Tuesday, April 7, 2009

Finding Hope 3

This past Saturday our team decided to visit a remote place we had heard of from our Arabic teacher, Mary. Mary is a successful Palestinian Christian woman who measures her success by that of the children she has raised. She is a very happy grandmother. While she would love to have all of her grandchildren nearby she understands why some of her children have chosen to seek a new life outside of Palestine. One of her daughters lives in West Bloomfield Michigan very near my office. We have already decided to get together the next time she comes to Michigan.

Mary’s story is an interesting one. She grew up in a cave, living like Palestinians have for centuries. She grew up south of Bethlehem on 100 acres of land that her family bought during the period of the Ottoman rule of Palestine. Unlike most Palestinians, her father had the foresight to carefully document their ownership of the land and as the rule of the country changed, they re-documented their ownership. Mary’s brothers, Daoud and Daher, now own the property and they are thankful to have documents proving their ownership from the Ottoman Period, the British Mandate period, and the time of Jordanian Rule. While you would think that with all of this documentation they could live quietly on their land and raise their olives and grow wine grapes as their family has for centuries, perhaps somewhere else, but not here. The state of Israel and the seven illegal settler communities that completely surround them have been trying for decades to take the land by any means possible.

Daoud has spent over $100,000 on lawyers to defend various legal actions, some from the settlers and some from the government of Israel. They are still going on. He is restricted from improving the land or the buildings in any way. He has no water or electricity in spite of the fact that power for the settlements is all around them. The Israeli army has bulldozed his road and put huge rocks in the road to prevent him from getting to his property, all in an effort to make it so miserable for him that he will agree to sell the land or abandon it even for a day. If he does they will take it under one of many pretenses that have been used to expropriate the land of all of the families around him. Because of this they have homes in nearby Bethlehem, but one of them, and their international friends, must stay on the property at all times. The latest effort has been to offer to buy the property. They brought him a blank check and told him to fill in any amount he wanted. They would quietly pay any amount he named for the land. He refused.

You might think that the family would be bitter and angry about their situation but these are amazing people. Daoud and his family truly live their Christian values. Daoud’s motto is, “we refuse to be enemies”. A sign at the gate says exactly that to all visitors. He went to a university in Germany and returned to Palestine to take up the cause of saving the family land. He is a very creative and resourceful guy. He is protecting his property by developing it into an international retreat center called the Tent of Nations (www.tentofnations.org). He has converted the caves into classrooms for summer schools for Palestinian children. He has converted one of the old buildings into a group kitchen for international guests who stay in tents on the property as well as the caves throughout the year. Last year 3,500 people came to Tent of Nations to help plant olive trees, dig more caves, tend the grapes and learn about life under occupation. He is trying to, “keep it simple and focus on the land”. They have built underground cisterns to collect rain water and they have a diesel generator to provide electricity. He has even figured out how to install wireless internet in the caves. They have built several outdoor worship spaces that look out across the beautiful landscape. One of them features a large platform that has their logo in a stone mosaic so the army will know who they are when they take their pictures from the air.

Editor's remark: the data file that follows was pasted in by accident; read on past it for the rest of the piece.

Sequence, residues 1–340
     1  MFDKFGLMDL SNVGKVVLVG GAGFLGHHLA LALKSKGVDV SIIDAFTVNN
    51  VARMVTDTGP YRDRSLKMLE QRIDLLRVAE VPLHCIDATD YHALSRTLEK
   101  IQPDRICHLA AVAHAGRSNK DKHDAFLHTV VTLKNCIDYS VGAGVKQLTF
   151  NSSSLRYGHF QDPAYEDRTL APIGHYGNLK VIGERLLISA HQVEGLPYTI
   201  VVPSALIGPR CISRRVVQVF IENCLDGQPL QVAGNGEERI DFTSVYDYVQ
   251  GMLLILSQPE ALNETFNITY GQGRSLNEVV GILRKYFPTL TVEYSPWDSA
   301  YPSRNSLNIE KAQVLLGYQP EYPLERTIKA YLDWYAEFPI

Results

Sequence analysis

Daoud speaks many languages which allow him to tell his story to many people. He is very articulate; one of those people who you could listen to for hours. His goal is to build bridges between people and land, and people and people. He said, “We do not give up hope because the problem is complicated. The sun of justice will rise again. For our part, we are creating our own ‘facts on the ground’ by planting trees. We want to create a new prospective for people. Peace will never come from the top down. A state will never come as a gift from God. We need to build it together.”
Daoud has invited all of his settler neighbors to come to the Tent of Nations to discuss reconciliation and peaceful co-existence. Some have come. He is thankful for them. Some have said that the never realized they had neighbors and were very upset that Israel has refused them electricity and water. They said, “We have swimming pools and you have no water at all!” In his calm peaceful way he is convincing Israelis, one at a time, that Palestinians are not terrorists and that there is a possibility for co-existence if they (Israeli's) will choose that path.
In Daoud I find hope.

60 Minutes - Is Peace Out of Reach?